low lands aro much preferred by
many; tho yield per acre is gonerally
greater, and perhaps loss labor is re
quired to place the soil in proper
condition for crops; and then should
tho season prove dry, tho bottom
lands are sure to bring the best
crops. No better farming land can
bo round in the United States than
that on tho noted Howell prairie,
French prairie, Santiam prairie and
Salem prairie. The soil of theso are
wonderfully productive. With good
cultivation, forty bushels of wheat
and sixty of oats per aero can bo
facilities fob markht.
The Willamette river, with two
lines of railroad running tho entire
length of the county front north to
south, with tho Oregon Pacific rpad
crossing tho southeast corner of the
'county, " affords ample facilities to
reach a market in any direction.
Is tho capital of the Btate and
county seat of Marion county, situ
ated on the Willamette rivvi and
on tho O. & C. railroad. Costly
buildings havo been erected, among
wliioh the state capltol building,
county courthouse, Cliemekete hotel,
opera houso. new public school
bulldlmr, Catholic school building.
Methodist church, Willamette Uni
versity, and, many private residences
ana Business uwcks, wuivu
corajm mvombly with older ana
the world, and Marion county is
about centerally located therein.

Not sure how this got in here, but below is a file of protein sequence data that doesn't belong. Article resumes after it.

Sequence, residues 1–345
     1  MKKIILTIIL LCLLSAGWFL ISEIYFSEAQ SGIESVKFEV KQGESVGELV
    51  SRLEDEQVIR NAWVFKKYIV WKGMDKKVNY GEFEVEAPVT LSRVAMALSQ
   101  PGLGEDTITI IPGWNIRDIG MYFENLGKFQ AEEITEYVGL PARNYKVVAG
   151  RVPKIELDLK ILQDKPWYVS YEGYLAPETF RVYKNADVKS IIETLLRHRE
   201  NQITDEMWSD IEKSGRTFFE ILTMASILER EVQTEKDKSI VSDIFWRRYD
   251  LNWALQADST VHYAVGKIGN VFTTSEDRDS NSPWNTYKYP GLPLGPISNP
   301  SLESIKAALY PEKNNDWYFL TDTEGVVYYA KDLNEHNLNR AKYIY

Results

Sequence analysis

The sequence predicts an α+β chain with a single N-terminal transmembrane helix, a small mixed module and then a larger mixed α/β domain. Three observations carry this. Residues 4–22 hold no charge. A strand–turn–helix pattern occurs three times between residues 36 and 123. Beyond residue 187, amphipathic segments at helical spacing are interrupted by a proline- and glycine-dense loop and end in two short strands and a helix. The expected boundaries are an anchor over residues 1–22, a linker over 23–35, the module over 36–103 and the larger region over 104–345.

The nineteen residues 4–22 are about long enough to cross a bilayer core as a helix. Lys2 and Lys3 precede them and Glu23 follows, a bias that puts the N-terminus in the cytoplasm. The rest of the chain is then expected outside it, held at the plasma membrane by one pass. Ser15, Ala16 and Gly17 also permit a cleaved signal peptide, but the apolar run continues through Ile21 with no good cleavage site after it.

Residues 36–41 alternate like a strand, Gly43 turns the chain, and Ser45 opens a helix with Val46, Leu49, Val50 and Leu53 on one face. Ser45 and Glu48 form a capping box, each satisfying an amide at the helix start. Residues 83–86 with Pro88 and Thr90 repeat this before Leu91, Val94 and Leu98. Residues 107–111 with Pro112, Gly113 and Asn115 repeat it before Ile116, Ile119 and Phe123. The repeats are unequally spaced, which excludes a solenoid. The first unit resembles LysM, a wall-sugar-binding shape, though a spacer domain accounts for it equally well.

To thoso seeking homes in tho west,
no bottor opportunities can bo
offered, than ure found hero. Persons
desiring information regarding
Marion county or the Willamette
valley, those wanting fanning
lands, stock farms, business property
or city residences, will bo promptly
aud reliably informed by addressing
tho well known Arm of Willis &
Ckambcrlln, real estate agents,
opera house block, Salem, Oregon.
West Shore For February.
The current number of The West
Shore Is accompanied by a large,
tinted supplement, showing the Fa
mous Shoshone Falls, of Snake
river, a cataract suporlor to Niagara
in many respects, though carrying a
smallor volumo of water. These
monthly supplements will continue
a fcaturaof tne magizlno for 1888,
and will make a valuablo collection
of largo and spirited engravings of
the most famous scenes of the Pa
cific Northwest. The illustrations
of the number are devoted to tho
cities of East Portland and Albino,
and tho Quaker settlement of New
berg, In the Chehalem valley. The
literary features are especially en
tertaining, consisting of stories,
sketches, poetry, and much valuable
descriptive matter. In the March
number will apbear the opening
chapters of a highly interesting
story of the great civil war, Avrltten
by James P. Shaw, whoso service in
the army during the entlro period of
the rebellion qualifies him to write
entertainingly of tho scenes hn wit
nessed. It is a romance of deep in
terest, as well to the younger gener
ation as to thoso who participated in
the stirring events of that period.
Another feature of the March num-
per will bo illustrations of Tacoma,
mc city 01 pnenomenai growtn. a
largo supplement of Mt. Tacoma,
the most magnificent snow peak in
the world, will be furnished with
tho March issue. The West Shore
Is published at Portland, Oregon, by
L. Samuel, at 2 50 per year. Sam
ple copy 25 cents.
Worth Reaching After.
Salem merchants are over wide
awake to open now channels of trade
will catch our meaning, when wo
tell them that an edition of over 3000
copies of the Weekly Capital
Journal will be sent out next
week. This paper will visit nearly
every household in Marion countv
and many in Northern Polk, espec
ially mat part ot tne county tribu
tary to Salem. Circulation is what
makes advertising valuable and the
Capital Journal guarantees its
circulation to all advertisers. The